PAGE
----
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Few of us realize the effort that goes into making the leaf. Most of us open the tea pack, and based on our liking, brew the tea in hot or cold water. We have no clue as to how the tea leaf has been processed, or how the natural aroma and flavor of tealeaves has been preserved for being released at infusion time.
Unlike other herbal products, the making of the tealeaf starts in the tea garden and not in the tea factory. Everything depends on the condition of the leaves, the time of plucking, the time taken to transport it to the factories, and the processes involved in preserving the flavor and aroma of tealeaves.
The finest teas are made from tealeaves that are plucked manually. The tea pickers know exactly the right time when the leaves need to be collected. They also realize the importance of plucking the tea leaves cleanly, and take great care to ensure that the leaves are not bruised or broken while plucking.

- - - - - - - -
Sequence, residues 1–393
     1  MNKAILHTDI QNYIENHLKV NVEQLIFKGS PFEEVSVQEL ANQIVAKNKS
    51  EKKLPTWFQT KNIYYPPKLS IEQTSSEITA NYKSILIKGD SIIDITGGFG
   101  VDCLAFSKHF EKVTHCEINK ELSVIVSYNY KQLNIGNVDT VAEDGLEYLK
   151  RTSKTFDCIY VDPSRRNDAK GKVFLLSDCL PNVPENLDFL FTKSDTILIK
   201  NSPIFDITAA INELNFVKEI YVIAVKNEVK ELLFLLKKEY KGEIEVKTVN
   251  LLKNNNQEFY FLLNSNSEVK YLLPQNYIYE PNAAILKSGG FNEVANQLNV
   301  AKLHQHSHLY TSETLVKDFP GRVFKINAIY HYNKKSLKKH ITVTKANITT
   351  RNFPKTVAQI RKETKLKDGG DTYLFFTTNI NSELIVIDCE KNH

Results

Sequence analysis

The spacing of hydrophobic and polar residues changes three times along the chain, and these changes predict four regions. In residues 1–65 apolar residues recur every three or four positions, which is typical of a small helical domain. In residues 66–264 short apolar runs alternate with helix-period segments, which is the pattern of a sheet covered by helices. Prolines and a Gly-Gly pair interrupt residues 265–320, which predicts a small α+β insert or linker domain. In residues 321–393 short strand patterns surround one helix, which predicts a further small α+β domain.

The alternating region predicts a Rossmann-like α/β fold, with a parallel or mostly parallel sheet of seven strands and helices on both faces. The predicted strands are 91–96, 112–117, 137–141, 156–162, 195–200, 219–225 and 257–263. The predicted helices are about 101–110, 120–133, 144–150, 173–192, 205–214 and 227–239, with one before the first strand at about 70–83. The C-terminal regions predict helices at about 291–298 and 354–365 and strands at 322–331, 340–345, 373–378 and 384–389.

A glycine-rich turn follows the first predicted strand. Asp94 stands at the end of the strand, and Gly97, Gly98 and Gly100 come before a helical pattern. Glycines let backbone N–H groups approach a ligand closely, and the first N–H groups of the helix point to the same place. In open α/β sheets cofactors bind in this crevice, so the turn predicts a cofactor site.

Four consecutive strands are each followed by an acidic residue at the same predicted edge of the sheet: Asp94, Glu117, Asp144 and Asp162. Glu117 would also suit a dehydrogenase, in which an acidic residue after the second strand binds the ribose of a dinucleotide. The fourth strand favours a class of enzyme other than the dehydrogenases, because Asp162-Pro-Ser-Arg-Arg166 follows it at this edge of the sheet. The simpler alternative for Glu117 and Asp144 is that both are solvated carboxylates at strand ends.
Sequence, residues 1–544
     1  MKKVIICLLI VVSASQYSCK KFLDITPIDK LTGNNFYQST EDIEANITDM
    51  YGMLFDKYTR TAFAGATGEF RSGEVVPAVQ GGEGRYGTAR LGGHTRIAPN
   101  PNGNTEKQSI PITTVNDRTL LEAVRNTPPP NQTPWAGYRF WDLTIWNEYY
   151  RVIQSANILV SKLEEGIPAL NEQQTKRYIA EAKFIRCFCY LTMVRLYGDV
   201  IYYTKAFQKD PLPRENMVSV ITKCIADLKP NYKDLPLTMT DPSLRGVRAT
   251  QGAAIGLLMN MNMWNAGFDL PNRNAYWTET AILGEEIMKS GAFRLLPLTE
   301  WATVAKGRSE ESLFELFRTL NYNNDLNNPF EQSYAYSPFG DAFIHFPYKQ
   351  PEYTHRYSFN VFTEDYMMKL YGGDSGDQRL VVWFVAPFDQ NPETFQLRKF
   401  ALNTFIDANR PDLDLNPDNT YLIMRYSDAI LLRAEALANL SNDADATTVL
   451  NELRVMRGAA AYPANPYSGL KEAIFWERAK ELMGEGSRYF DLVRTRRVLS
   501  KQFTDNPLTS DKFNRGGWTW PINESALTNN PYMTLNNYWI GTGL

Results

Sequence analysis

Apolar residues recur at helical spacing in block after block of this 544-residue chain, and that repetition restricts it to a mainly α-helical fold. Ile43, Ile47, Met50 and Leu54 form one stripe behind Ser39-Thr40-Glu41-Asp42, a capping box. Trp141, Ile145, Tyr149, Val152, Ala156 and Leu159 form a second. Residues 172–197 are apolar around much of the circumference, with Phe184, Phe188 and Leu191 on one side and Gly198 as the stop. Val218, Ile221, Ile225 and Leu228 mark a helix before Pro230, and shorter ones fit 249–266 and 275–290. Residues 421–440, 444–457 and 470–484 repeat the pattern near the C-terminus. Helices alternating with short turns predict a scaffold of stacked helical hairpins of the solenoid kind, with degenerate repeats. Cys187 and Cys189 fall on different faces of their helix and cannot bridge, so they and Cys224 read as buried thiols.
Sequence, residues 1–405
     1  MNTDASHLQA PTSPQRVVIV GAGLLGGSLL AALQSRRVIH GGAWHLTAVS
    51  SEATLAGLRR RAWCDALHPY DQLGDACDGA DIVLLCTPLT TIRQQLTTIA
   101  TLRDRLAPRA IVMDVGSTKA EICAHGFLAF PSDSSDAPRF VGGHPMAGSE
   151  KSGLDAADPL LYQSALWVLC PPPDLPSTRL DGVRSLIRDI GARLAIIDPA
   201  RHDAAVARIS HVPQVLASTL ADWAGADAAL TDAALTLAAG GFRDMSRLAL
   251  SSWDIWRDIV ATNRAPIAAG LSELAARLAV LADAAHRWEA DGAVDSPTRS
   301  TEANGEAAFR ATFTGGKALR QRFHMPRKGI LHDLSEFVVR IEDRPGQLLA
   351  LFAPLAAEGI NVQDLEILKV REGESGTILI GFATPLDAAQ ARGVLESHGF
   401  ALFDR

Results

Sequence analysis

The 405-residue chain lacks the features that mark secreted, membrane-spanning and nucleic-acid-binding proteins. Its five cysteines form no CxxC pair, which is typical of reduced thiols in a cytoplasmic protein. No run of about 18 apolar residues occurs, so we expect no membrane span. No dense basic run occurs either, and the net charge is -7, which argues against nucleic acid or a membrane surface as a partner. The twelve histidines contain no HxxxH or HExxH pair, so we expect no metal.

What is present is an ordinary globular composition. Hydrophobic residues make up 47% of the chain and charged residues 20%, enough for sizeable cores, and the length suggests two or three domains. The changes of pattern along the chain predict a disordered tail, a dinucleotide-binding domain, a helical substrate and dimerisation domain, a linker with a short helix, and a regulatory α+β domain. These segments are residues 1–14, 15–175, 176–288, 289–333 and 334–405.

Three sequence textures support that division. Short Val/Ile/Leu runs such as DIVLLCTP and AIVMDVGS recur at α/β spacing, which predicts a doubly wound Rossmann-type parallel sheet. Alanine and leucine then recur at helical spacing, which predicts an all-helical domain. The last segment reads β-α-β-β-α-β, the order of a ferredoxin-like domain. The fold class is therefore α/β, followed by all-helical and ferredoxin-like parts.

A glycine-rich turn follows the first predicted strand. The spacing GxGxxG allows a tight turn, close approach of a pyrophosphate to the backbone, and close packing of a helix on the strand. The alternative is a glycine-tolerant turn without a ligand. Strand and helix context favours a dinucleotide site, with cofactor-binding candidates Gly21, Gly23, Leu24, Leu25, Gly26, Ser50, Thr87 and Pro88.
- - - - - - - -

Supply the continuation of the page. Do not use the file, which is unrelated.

Most tea gardens are fanatical about the way tealeaves are picked. They insist that the workers pluck each and every leaf manually. They refuse mechanical devices like cutters to be used to pick tea. Some even insist that the tea pickers must cut their nails before plucking leaves.
The next is the transportation of the plucked leaves to the factory. It is important to take them quickly to the factory so that they stay moist and fresh. Now it is the job of factory workers to get them ready. They can turn them into green tea which is unfermented, Oolong tea which is semi-fermented, and black tea which is fully fermented.
Each tea has its own manufacturing process, which is laid down meticulously. For instance, Green tea is produced by steaming the leaves. The steaming is done to destroy natural enzymes within the leaves, and stop fermentation. The process softens the leaves and makes them ready for being rolled. Once rolled, the leaves are fired to remove moisture, and dry them.
The Oolong tea is prepared by placing leaves in shallow baskets and exposing them to strong sunlight. The basket is frequently shaken so that the edges get withered, and release extra enzymes for fermentation. The oxidized leaves are then fired to preserve their flavor and aroma.
Black tea is fermented fully and then dried to retain its flavor.